12 episodes

That C Word is a podcast that is dedicated to demystifying workplace conflict so you can build a collaborative culture (and yes, you CAN!). Each episode features an anonymous guest who will share their personal experience with workplace conflict.

We have the conversations about conflict that most people run from. I’m not afraid of conflict, in fact, I see it as an opportunity! Tune in as I coach my guests to have a more collaborative approach to conflict.

That C Word Kirstin Lund

    • Business
    • 5.0 • 1 Rating

That C Word is a podcast that is dedicated to demystifying workplace conflict so you can build a collaborative culture (and yes, you CAN!). Each episode features an anonymous guest who will share their personal experience with workplace conflict.

We have the conversations about conflict that most people run from. I’m not afraid of conflict, in fact, I see it as an opportunity! Tune in as I coach my guests to have a more collaborative approach to conflict.

    The Office Of Last Resort

    The Office Of Last Resort

    In an average workplace, each employee wastes 2.5 hours per week due to workplace tension. Conflict is so stigmatized that even conflict resolution is left as a last resort when it should be the first resort.

    My guest today is Patrick Aylward. Patrick started his career as a lawyer and transitioned to work as a mediator and conflict management practitioner with the federal government and has recently written a book called The Collaborative Path. I'm excited to talk with Patrick about a concept he shares in his book- the idea of shifting towards a collaborative model within the workplace. Join us as we talk about what that means, what typically happens in a workplace these days, transitioning from the adjudicative model vs. the collaborative model and… that ‘c’ word.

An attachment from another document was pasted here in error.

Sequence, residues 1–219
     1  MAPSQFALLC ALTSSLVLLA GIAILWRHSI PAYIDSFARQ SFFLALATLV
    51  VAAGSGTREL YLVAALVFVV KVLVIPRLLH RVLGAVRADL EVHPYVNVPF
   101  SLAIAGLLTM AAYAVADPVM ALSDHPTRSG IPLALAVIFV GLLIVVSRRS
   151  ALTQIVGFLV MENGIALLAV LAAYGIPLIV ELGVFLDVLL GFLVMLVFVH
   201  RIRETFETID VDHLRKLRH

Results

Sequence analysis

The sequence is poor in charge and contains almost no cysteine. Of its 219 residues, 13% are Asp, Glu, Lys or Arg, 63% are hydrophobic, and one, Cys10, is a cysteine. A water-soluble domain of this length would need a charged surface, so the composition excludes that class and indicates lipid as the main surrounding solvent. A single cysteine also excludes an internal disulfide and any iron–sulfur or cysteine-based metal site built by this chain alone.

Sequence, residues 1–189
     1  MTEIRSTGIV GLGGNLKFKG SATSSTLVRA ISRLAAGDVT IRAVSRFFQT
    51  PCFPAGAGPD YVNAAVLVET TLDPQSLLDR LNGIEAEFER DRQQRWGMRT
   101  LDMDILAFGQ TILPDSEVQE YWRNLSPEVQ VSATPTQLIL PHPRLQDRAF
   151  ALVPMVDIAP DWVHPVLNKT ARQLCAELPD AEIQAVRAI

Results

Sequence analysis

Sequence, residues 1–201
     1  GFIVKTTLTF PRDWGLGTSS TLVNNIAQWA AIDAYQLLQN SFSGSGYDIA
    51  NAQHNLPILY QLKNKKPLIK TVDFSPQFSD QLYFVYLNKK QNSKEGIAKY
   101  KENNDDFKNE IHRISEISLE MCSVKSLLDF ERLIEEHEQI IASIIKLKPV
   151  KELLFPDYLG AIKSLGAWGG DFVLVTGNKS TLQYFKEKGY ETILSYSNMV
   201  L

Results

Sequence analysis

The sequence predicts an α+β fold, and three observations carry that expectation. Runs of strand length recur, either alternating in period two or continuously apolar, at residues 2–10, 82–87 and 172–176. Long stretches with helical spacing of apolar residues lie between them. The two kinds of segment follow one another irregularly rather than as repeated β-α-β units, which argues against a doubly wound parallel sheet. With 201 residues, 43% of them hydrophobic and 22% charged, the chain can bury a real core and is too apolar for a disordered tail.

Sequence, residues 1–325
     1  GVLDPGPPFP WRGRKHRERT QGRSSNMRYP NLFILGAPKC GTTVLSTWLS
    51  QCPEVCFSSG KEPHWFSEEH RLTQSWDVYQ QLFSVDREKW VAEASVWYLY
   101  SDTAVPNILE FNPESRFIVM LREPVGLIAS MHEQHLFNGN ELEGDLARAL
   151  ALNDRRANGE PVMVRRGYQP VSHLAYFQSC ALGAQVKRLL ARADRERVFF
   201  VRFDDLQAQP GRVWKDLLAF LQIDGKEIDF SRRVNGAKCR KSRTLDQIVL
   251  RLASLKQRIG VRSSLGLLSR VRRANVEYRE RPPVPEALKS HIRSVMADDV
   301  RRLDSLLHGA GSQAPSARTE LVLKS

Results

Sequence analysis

About My Guest

    Patrick used to be a courtroom lawyer, then spent many years as a mediator, and now is an author on a mission to change the world by creating a global culture of collaboration. His book The Collaborative Path introduces a collaborative model to replace the debate format used for generating decisions and solutions, and even for having conversations. To have both better solutions to situations and stronger relationships among participants, Patrick provides an easy to learn, easy to use 6-step process to change the leadership conversation. Using the collaborative model, we can prevent conflict before it ever begins.

    Patrick lives in Prince Edward Island, Canada’s smallest province where he is working on a follow-up book The Collaborator’s Toolbox that will contain tools for everyday use so that people can strengthen their collaborative skills for use at home, at work and in the community.

    Tune In As We Chat About

    👉 Shifting workplace culture
    👉 Adjudicative model vs. collaborative model
    👉 Conflict resolution